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Your chance of acceptance
Duke University
Duke University
Your chancing factors
Unweighted GPA: 3.7
SAT: 720 math
| 800 verbal


Low accuracy (4 of 18 factors)

My Communications Internship: Real Students’ Stories

This article was written based on the information and opinions presented by communications majors Kiya Norman, Drew Bartelstein, and Justin Levine in a CollegeVine livestream. You can watch the full livestream for more info.


What’s Covered



Many college students pursue internships during the summer or sometimes during the school year for course credit. These internships are super-valuable if you want hands-on experience in the industry you’re trying to break into. You’ll figure out what exactly the work entails, and you’ll be able to fix up your resume to impress employers once you graduate. Internships aren’t the only way to get work, though. In this article, you’ll learn how to build up your work portfolio with or without internships and receive some general advice for getting a job.


Experience From Classes


If you’re at the beginning of your college career, it shouldn’t stress you out that you haven’t gotten an internship yet. You’re just starting out, after all. If you want to try to get one, you should focus on the experience you’ve gained from taking certain classes.


For internships in communications, you should be able to draw on writing you’ve done for school. Sometimes, certain classes give you connections to publish your work in local papers or magazines. This can give you a leg up when you’re looking to apply for your first internship. 


Different companies want different things from their interns, even in a field that seems like it could be pretty narrow. For communications, traditional public relations companies and communication firms are common employers. You could also work for startups and nonprofits. Whatever your particular interest, you should be able to put together some examples of your writing into a portfolio that you can show a prospective employer. This will help you to get your foot in the door, even if it doesn’t seem like you have prior work experience.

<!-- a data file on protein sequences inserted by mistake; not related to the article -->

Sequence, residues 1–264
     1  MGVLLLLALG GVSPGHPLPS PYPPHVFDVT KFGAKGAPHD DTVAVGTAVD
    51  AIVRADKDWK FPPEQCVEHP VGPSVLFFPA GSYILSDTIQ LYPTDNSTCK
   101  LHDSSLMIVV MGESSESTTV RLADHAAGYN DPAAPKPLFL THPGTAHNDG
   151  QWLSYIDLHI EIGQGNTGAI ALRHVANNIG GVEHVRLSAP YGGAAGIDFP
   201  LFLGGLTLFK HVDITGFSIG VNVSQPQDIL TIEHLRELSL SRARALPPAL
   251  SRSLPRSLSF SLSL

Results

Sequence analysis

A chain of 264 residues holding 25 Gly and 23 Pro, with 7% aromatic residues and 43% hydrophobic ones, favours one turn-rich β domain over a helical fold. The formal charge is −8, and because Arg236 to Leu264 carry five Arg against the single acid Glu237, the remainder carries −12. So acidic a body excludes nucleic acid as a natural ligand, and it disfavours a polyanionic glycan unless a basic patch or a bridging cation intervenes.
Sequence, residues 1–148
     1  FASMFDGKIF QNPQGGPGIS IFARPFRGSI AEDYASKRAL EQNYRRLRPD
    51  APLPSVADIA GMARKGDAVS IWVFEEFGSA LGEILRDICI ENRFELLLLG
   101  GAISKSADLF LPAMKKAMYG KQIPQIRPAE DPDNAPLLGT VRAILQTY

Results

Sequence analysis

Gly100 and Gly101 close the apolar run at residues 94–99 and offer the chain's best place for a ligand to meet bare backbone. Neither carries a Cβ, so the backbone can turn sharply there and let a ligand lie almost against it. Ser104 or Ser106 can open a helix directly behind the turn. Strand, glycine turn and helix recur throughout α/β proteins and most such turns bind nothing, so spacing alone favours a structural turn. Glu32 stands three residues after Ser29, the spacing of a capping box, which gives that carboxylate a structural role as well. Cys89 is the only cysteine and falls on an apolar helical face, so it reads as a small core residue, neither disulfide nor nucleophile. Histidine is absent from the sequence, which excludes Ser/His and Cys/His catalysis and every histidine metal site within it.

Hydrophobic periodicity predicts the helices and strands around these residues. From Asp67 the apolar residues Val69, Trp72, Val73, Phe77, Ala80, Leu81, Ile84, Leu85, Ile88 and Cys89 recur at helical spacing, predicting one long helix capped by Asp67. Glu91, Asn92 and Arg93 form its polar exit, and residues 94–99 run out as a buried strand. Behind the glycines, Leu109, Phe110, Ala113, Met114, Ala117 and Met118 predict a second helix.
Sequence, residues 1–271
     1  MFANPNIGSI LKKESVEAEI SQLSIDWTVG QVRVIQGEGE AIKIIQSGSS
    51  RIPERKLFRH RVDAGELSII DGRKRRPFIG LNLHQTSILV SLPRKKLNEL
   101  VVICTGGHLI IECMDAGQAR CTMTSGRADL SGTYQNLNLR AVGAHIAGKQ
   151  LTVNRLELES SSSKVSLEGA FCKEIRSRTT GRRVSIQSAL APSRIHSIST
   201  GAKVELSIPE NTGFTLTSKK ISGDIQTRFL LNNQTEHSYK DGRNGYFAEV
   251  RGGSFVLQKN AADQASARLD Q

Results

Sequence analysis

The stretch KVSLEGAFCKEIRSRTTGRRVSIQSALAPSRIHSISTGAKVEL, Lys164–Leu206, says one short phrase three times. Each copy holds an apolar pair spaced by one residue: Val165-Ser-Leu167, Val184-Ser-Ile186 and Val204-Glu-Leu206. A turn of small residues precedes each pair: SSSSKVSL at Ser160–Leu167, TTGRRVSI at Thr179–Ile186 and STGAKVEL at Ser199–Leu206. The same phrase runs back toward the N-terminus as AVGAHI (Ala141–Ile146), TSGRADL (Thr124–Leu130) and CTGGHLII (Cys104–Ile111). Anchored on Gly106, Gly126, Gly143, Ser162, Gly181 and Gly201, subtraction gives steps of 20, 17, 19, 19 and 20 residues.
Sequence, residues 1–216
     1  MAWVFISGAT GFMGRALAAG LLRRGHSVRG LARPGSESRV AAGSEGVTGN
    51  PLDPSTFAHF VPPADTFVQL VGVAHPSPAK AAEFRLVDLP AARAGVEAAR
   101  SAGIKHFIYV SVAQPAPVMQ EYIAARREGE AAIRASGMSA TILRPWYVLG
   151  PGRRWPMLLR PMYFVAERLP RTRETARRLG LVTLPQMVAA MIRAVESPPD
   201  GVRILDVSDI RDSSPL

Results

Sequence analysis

Getting a Job


You can have a degree and a ton of internships filling up your resume, but you still might not get hired because you seem unenthused, lacking in energy, or not at all well-rounded. The job search is really about what you make of it.


If you don’t have any internships throughout college, but you come away with a degree and a lot of enthusiasm about what you want to do, you’re probably going to get the position over someone who is dispassionate with a better-looking resume or cover letter. It’s somewhat of a social skill; you have to be able to express a lot of interest to sell yourself as the right person for the job.


Importance of Internships


Internships are very valuable for gaining work experience. You’ll learn a lot about what you want to pursue in your career, and you’ll also take away some valuable life lessons from the work. How do you fit into a workplace? What do you want your career to look like?


An internship can help you to answer these questions. If you’re worried that you don’t have internship experience, though, you shouldn’t just wait to get one. It’s okay to work on your portfolio independently so you can build up a body of work to show a potential employer.


Create things that show off your skills. Internships help you to develop all this, so they’re great for letting you prove you know how to do the job you want. Getting an internship in college can help you build a solid body of work to show hiring managers or recruiters. But if you don’t have that experience, you can probably still make something that proves you know how to do the work at hand. Even things you do independently will help you gain the respect of employers.